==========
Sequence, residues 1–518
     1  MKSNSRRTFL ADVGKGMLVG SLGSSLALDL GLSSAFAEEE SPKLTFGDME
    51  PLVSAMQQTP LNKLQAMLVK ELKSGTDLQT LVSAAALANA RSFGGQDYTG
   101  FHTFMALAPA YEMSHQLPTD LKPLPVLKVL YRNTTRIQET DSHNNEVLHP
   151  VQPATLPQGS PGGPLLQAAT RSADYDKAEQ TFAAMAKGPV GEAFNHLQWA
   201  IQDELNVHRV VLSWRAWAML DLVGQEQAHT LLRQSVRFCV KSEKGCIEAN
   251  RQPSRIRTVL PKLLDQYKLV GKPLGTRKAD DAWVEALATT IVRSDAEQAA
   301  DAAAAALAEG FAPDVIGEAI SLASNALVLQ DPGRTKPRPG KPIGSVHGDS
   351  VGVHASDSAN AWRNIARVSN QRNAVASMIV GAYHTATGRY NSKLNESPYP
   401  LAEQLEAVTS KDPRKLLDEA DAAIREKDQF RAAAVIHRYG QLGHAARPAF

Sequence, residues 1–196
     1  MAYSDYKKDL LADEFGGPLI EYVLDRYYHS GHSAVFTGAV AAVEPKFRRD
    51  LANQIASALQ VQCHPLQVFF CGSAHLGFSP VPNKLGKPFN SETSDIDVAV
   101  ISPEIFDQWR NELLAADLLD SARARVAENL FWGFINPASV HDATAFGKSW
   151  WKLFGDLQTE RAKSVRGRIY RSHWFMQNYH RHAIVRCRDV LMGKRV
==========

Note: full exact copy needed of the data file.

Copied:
Sequence, residues 1–518
     1  MKSNSRRTFL ADVGKGMLVG SLGSSLALDL GLSSAFAEEE SPKLTFGDME
    51  PLVSAMQQTP LNKLQAMLVK ELKSGTDLQT LVSAAALANA RSFGGQDYTG
   101  FHTFMALAPA YEMSHQLPTD LKPLPVLKVL YRNTTRIQET DSHNNEVLHP
   151  VQPATLPQGS PGGPLLQAAT RSADYDKAEQ TFAAMAKGPV GEAFNHLQWA
   201  IQDELNVHRV VLSWRAWAML DLVGQEQAHT LLRQSVRFCV KSEKGCIEAN
   251  RQPSRIRTVL PKLLDQYKLV GKPLGTRKAD DAWVEALATT IVRSDAEQAA
   301  DAAAAALAEG FAPDVIGEAI SLASNALVLQ DPGRTKPRPG KPIGSVHGDS
   351  VGVHASDSAN AWRNIARVSN QRNAVASMIV GAYHTATGRY NSKLNESPYP
   401  LAEQLEAVTS KDPRKLLDEA DAAIREKDQF RAAAVIHRYG QLGHAARPAF

Sequence, residues 1–196
     1  MAYSDYKKDL LADEFGGPLI EYVLDRYYHS GHSAVFTGAV AAVEPKFRRD
    51  LANQIASALQ VQCHPLQVFF CGSAHLGFSP VPNKLGKPFN SETSDIDVAV
   101  ISPEIFDQWR NELLAADLLD SARARVAENL FWGFINPASV HDATAFGKSW
   151  WKLFGDLQTE RAKSVRGRIY RSHWFMQNYH RHAIVRCRDV LMGKRV